The September Consumer Price Index increased 0.6% from August. The CPI measures inflation. This is the second month in a row for CPI to increase 0.6% and these jumps are the largest since June 2009. The reason again is gas with a 7.0% increase in the gasoline index for September and August's CPI jump was also caused by gas at the pump with a 9.0% increase in gasoline prices. When removing food and energy inflation, of which gasoline is a part, core inflation increased 0.1% for September, the same as August. Below is CPI's monthly percentage change.
CPI is up 2.0% from a year ago and the highest increase since April 2012, as shown in the below graph.
Energy overall jumped 4.5% for September, but is now up 2.3% for the last 12 months. Don't expect that yearly change to last. The BLS separates out all energy costs and puts them together into one index. Energy costs are also mixed in with other indexes, such as heating oil for the housing index and gas for the transportation index. Fuel oil for the month increased 4.1% and natural gas also increased 2.0% for September. Below is the overall CPI energy index, or all things energy.
Graphed below is the household energy index which includes electricity and natural gas, shown by monthly percentage change. This month the index increased 0.8% and for the last 12 months has declined -3.6%. This is a different, special index to show the overall costs for energy into your home only, (unless you drive your car in your mansion or run generators for your tent).
Graphed below is the CPI gasoline index, which increased 7.0% this month.
Below are gas prices, last updated September 10th. We can see gas prices are roaring back and projections are gas will stay high. We now have more quantitative easing and Middle East social unrest, so lord knows how high they will go now. High oil prices have a strong correlation with recessions.
Core inflation, or CPI minus food and energy, increased 0.1% for September, the 3rd month in a row. Core inflation has risen 2.0% for the last year. Core CPI is one of the Federal Reserve inflation watch numbers. These low figures probably helped justify more quantitative easing, which increases commodity prices.
Core CPI's monthly percentage change is graphed below.
Shelter increased 0.2% and is up 2.2% for the year. Rent increased 0.3% and the cost of renting has increased 2.7% for the last 12 months. Airfares rose 1.4%, a reflection of increasing fuel costs. Used cars & trucks declined -1.4%, while new autos decreased -0.1% for September. Hotels & Motel's' increased 0.6% and college textbooks increased 0.9% and are up 7.8% in year. Graphed below is the percentage change from a year ago of rent, the largest monthly household expense for people who can least afford increases as those with less money disproportionately rent vs. own.
Food and beverages overall increased 0.1% for September and are up 1.6% from a year ago. The food at home index (think groceries) did not increase for the month and is up 0.8% for the year. Lord knows where the BLS goes shopping for this figure sure is out of sync with most Americans' real grocery bill. The BLS claims this is the lowest yearly increase in groceries since August 2010.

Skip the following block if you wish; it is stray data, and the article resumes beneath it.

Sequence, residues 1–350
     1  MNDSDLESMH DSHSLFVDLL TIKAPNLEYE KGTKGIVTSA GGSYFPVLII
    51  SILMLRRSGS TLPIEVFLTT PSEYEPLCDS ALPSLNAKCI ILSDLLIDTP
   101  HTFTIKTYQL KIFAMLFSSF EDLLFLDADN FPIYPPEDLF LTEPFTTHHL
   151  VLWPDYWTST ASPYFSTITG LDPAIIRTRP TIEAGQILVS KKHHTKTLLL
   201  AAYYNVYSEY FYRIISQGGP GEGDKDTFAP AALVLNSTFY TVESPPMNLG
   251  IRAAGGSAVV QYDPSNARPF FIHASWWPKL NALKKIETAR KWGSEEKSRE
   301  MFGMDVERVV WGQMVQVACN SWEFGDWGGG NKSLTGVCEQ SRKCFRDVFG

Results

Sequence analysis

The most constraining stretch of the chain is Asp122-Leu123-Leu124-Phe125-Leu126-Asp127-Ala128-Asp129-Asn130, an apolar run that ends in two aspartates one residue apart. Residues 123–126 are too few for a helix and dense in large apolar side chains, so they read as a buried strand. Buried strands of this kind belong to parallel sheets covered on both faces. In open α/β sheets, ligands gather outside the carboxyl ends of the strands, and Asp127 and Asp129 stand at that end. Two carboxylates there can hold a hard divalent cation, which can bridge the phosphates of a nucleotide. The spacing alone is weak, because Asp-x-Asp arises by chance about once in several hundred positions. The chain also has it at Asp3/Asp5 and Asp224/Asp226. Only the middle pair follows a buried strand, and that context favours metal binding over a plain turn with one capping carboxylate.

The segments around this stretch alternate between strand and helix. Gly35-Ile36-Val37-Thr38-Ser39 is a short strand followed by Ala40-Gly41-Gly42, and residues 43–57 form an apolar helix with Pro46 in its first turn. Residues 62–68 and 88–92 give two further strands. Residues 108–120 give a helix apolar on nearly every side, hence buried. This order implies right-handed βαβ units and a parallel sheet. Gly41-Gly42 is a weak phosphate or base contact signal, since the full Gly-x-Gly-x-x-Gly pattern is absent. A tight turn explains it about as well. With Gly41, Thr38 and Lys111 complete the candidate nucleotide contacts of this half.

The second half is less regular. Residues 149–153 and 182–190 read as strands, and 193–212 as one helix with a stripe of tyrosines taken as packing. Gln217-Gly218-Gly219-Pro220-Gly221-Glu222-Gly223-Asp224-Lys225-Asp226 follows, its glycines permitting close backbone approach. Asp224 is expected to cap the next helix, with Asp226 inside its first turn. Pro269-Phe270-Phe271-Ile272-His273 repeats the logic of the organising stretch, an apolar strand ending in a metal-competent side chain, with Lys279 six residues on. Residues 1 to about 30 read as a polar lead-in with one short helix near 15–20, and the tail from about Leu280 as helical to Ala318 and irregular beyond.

Nonalcoholic beverages increased 0.9% in September. Meats, poultry, fish, and eggs dropped -0.6% and lamb alone dropped -5.9% in a month. Fresh fruits dropped -0.9% after last month's pop up in prices.
Eating out, or food away from home increased 0.2% from last month and is up 2.8% from a year ago.
The Medical care index increased 0.3% and has increased 4.1% over the last 12 months. Hospital services increased 0.6% in a month. Medical commodities are things like your prescription drugs and decreased -0.1% and are up 3.3% for the year. Below is a bar graph of the Medical index. Nowhere else do we see a ridiculous, constant, to the point the graph forms a triangle, increase in costs.
According to the BLS, for the year, food and beverages, which includes food at home, made up 15.2% of the index. Housing is 40.9% and transportation, including gas for the car, is 17.2% and all energy is 10%. Medical care is only 7.1%, they claim. All items minus food and energy are considered 75.8% of the total price expenditures for consumers.
The DOL/BLS does take yearly surveys on where the money goes in the monthly budget, but as one can see, food and energy are significant amounts of the monthly finances. Run away costs in these two areas can break the bank, so can food. Additionally CPI uses substitution, so if steak goes through the roof, somehow we're all just fine with hamburger and prices didn't really overall increase much. If we see food inflation flat over the next year, we know something is wrong with the measurement as the drought is projected to dramatically increase food prices.
CPI-W for the month, unadjusted was 228.184, a 2.2% increase for the year, and increased 0.5% for the month, although not seasonally adjusted. CPI-W is used to calculate government transfer payments, such as social security increases. The cost of living adjustment (COLA) for social security and other government payments will be 1.7% for 2013. This is a small increase and believe this or not, there is talk of stopping adjusting social security and other government payments for inflation as part of budget cuts, which is de facto cutting social security payments without admitting to doing so.
Last month's CPI report overview, unrevised, although most graphs are updated, is here.
If you're wondering why the graphs look weird, the graph calculates percentages from the index and doesn't round. The actual data from the BLS report does round to one decimal place. In other words, 0.05% is rounded to 0.1%.